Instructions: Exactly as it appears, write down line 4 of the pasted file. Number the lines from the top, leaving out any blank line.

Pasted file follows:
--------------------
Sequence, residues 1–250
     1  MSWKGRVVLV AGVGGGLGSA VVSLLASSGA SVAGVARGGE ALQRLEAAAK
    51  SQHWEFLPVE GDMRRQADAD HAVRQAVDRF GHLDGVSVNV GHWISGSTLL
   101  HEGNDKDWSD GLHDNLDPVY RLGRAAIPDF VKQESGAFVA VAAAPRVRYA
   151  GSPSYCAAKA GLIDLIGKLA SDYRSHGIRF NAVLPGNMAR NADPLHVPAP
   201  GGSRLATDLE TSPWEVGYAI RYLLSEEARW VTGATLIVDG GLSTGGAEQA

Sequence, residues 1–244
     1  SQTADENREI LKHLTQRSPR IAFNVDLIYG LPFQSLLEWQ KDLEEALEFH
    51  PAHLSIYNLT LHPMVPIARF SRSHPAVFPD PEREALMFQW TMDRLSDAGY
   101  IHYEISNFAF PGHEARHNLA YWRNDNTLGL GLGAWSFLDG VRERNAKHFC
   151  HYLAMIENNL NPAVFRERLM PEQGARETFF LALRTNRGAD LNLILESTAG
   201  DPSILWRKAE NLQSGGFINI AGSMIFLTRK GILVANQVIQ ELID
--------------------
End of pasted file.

   101  HEGNDKDWSD GLHDNLDPVY RLGRAAIPDF VKQESGAFVA VAAAPRVRYA